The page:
formula
12e
 
formula
12f
where is the control decision variable corresponding to the degree (membership grade) to which solutions fulfill the fuzzy objective or constraints. and are the lower and upper bounds respectively of the objectives' aspiration level as designated by the decision makers. The fuzzy goal is shown graphically in Figure 3.
Figure 3

Fuzzy linear membership function for goals.

Figure 3

Fuzzy linear membership function for goals.

Data collection

The study area is divided into four geographical regions: the districts of Tanggu, Hangu, Dagang, and Dongli. Economic and environmental data were collected over two typical years (2009 and 2010). Table 1 lists the flow volumes in the four districts, and Table 2 shows the pollutant production coefficient, draining concentration, and inlet concentration limit in each area.

Table 1

Water inflows and demand of Binhai New Area (ton/year)

  Tanggu Hangu Dagang Dongli 
Available water inflow [6301, 6636] [2490, 2614] [4552, 4779] [2487, 2625] 
Water demand [5728, 6014] [2268, 2381] [4139, 4345] [2261, 2374] 
  Tanggu Hangu Dagang Dongli 
Available water inflow [6301, 6636] [2490, 2614] [4552, 4779] [2487, 2625] 
Water demand [5728, 6014] [2268, 2381] [4139, 4345] [2261, 2374] 
Table 2

The related coefficients of pollutants for each district

  Tanggu Hangu Dagang Dongli 
Pollutant production coefficient [0.678, 0.712] [0.784, 0.823] [0.568, 0.597] [0.710, 0.746] 
Outlet concentration (ton/ton) [0.022, 0.024] [0.024, 0.025] [0.023, 0.024] [0.167, 0.175] 
Inlet concentration (ton/ton) [0.080, 0.084] [0.086, 0.090] [0.080, 0.084] [0.586, 0.615] 
  Tanggu Hangu Dagang Dongli 
Pollutant production coefficient [0.678, 0.712] [0.784, 0.823] [0.568, 0.597] [0.710, 0.746] 
Outlet concentration (ton/ton) [0.022, 0.024] [0.024, 0.025] [0.023, 0.024] [0.167, 0.175]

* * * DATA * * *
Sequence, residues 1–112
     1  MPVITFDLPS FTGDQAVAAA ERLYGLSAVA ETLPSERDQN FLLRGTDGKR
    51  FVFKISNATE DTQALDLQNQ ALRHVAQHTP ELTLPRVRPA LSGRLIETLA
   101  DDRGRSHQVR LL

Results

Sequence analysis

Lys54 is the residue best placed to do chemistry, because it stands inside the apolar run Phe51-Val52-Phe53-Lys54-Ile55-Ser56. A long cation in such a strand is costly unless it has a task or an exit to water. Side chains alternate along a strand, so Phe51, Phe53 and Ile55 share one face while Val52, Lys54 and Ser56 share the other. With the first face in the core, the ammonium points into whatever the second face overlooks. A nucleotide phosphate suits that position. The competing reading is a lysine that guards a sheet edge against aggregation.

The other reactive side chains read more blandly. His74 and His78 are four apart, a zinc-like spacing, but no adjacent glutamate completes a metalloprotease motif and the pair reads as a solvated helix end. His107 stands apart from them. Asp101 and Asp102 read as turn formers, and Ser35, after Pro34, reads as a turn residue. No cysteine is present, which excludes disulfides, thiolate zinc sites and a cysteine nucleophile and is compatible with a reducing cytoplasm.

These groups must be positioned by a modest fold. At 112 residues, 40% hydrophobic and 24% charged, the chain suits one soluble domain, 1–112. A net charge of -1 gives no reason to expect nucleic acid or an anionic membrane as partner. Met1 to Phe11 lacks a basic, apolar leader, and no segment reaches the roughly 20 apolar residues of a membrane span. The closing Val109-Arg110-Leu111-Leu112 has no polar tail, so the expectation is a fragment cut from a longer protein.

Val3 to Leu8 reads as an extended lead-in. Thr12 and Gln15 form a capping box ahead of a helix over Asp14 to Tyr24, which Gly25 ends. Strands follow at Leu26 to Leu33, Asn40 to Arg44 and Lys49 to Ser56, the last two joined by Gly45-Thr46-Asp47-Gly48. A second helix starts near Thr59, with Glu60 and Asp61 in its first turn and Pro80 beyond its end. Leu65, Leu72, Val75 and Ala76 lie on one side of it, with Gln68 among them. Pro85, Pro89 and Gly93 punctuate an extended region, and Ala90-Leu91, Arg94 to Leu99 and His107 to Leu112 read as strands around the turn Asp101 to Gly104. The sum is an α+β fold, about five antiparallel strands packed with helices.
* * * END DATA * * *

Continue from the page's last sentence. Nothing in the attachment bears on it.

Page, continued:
Inlet concentration (ton/ton) [0.080, 0.084] [0.086, 0.090] [0.080, 0.084] [0.586, 0.615] 

RESULTS, ANALYSIS, AND DISCUSSION

The optimization problems in this study are operated with the modeling language running on the Lingo11 solver. Problem instances are solved on a 32-bit Lenovo workstation running on Windows 7 with two dual-core 2.60 GHz CPU, 4.0 GB of RAM, and 500 G of hard disk space. In this study, reported CPU times are in seconds and the software of Lingo11 is terminated when the prescribed CPU time limit of 150 s is reached.

Water allocation schemes and water recycling

Figure 4 presents the results obtained from the IMOP model. The incorporation of an IPP model leads the solutions of the water allocation schemes and wastewater discharges to be interval numbers. For example, the amount of freshwater allocated to Hangu district would be [1134, 1190] ton. The results indicate that the corresponding decisions and policies should be sensitive to the uncertain modeling inputs. The demands placed on water resources should influence planning decisions; there will be excess water resources if the available water resources fully meet the demand during the considered period of planning. To avoid wasting resources, the exchange of water resources between districts is considered here. For example, Hangu district could provide [0, 103] ton excess water to Tanggu district to ensure regional development. Dagang district would require water from the other districts: for example, [0, 823] ton of water resources from Dongli district and [0, 7] ton of water resources from Hangu district would be allocated to Dagang to satisfy its requirements for low-quality-water.

Figure 4

Solutions of water allocation schemes and wastewater discharge.

Figure 4

Solutions of water allocation schemes and wastewater discharge.